Arms trafficker Hyuk and Young-chun are practically brothers and nothing can separate them. When the two managed to escape from North Korea, they left behind Hyuk's younger brother Chul. ... See full summary »
After losing both her parents, Failan (Cecilia Cheung) emmigrates to Korea to seek her only remaining relatives. Once she reaches Korea, she finds out that her relatives have moved to ... See full summary »
Jo Pil-seong, a rural detective, is an unhappy husband, often blamed by his older wife for gambling. Despite her being hard on him, he steals money from her to bet on bull butting. ... See full summary »
Four friends bound by destiny and unbeatable in the dark world. When a casino attack goes wrong as a result of betrayal, fate turns them into enemies. Now, forced to aim the gun at each other's hearts, their unavoidable battle begins.
Arms trafficker Hyuk and Young-chun are practically brothers and nothing can separate them. When the two managed to escape from North Korea, they left behind Hyuk's younger brother Chul. Hyuk can never shake off the guilt as his family was punished for his treason and his mother died in prison. Three years later, Chul finally makes his way to South Korea and join the police force. Hyuk tries to earn the trust and love of his younger brother, but abandonment and betrayal are hard things to forget. Things come to a head when Young-chun pulls Hyuk into doing one last gig for the gang. It happens to be the case that Officer Chul is in charge of. The three brothers meet again one final time. Written by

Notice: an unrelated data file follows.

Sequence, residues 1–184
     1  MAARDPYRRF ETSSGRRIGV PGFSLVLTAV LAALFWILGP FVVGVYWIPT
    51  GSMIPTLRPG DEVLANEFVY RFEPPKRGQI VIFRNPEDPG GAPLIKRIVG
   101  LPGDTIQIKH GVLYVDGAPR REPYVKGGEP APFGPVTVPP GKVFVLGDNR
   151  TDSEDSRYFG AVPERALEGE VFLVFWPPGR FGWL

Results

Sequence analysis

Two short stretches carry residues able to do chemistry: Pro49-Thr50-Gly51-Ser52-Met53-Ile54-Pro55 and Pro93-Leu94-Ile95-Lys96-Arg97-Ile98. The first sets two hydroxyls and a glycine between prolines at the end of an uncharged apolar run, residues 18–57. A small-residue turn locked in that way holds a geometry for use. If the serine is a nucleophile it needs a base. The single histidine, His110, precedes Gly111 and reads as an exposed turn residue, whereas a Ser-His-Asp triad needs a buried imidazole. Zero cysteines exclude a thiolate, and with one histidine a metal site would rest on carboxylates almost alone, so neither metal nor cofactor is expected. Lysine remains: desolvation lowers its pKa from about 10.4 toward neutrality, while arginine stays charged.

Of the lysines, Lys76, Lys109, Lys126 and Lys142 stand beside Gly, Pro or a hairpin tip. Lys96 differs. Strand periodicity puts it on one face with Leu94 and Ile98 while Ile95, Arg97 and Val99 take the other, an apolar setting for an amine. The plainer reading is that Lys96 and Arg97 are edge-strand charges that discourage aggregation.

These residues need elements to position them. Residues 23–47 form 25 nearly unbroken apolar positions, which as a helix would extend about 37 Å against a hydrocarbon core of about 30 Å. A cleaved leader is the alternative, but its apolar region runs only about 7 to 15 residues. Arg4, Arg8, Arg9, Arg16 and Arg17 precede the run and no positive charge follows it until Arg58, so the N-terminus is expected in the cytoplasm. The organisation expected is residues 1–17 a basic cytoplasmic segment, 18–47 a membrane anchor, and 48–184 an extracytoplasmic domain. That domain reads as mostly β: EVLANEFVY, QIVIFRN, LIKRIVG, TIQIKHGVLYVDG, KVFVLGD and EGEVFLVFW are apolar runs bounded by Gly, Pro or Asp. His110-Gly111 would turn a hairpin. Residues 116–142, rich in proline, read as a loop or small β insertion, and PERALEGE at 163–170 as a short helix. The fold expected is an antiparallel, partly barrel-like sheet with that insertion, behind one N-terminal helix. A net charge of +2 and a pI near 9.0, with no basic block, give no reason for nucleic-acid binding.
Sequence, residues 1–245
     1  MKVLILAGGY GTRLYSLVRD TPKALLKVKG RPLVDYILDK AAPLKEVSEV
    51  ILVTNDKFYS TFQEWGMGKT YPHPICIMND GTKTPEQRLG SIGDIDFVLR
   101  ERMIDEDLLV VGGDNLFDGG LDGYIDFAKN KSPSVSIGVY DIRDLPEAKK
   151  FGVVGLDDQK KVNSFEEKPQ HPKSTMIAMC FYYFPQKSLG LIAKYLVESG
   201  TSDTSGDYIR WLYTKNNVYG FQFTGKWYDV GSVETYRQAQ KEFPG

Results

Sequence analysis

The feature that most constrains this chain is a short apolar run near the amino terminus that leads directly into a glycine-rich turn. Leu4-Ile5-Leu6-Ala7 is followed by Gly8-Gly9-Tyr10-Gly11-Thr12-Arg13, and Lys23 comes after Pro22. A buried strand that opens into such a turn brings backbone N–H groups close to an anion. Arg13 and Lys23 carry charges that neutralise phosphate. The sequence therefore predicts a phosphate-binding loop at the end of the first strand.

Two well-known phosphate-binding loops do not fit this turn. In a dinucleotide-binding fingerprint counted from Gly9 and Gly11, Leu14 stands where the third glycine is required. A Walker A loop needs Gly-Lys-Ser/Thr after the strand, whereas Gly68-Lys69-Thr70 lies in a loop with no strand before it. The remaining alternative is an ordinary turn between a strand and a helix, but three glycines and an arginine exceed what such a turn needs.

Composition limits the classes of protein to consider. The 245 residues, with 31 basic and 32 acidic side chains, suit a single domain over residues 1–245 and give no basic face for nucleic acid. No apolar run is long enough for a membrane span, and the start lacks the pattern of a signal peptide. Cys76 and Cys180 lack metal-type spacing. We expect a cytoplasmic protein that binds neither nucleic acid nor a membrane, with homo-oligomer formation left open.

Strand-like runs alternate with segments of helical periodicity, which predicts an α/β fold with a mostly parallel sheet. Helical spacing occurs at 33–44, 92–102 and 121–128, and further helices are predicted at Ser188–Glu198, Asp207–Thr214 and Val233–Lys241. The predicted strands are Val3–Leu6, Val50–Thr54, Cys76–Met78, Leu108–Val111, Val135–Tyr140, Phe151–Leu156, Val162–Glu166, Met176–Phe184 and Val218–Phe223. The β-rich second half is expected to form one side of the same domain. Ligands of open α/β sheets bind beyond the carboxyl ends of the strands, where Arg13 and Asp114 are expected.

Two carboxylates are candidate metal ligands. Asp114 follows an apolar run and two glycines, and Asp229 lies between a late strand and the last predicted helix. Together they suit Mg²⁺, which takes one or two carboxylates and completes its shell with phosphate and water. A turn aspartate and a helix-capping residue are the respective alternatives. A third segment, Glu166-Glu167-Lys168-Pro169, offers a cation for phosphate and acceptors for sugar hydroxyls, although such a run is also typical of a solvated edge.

tricked into seeing this, and it was... not bad, not very good, just "decent"
A Better Tomorrow - for some of us cinephiles the film's name brings to mind images of guys (i.e. Chow Yun-Fat in his break-out role and performance that made him a star in Hong Kong) in trench-coats and ray-ban sunglasses with big friggin guns firing away in blazing battles staged with a balletic precision and melodramatic (or just operatic) sleight of hand by John Woo. It was a classic unto itself, if not as polished as The Killer or as crazy as Hard Boiled with just as much (or more) genuine heart to its dramatic acting and story. So surprised I was then to see that my local cineplex- which often gets Asian films to cater to the the nearby town that is predominantly Korean- that 'A Better Tomorrow' would be coming to that theater for a two-week run. What better way to see Woo's film, I thought, than on a big screen like one of the ones at my local theater. I was even told (perhaps misleadingly to buy a ticket and/or concessions) that it was the 80's Woo film, albeit "Korean". Hmm, I thought, is it Korean? I thought it was from HK, like Woo's films usually are, but maybe it's dubbed in Korean for the community... hmm...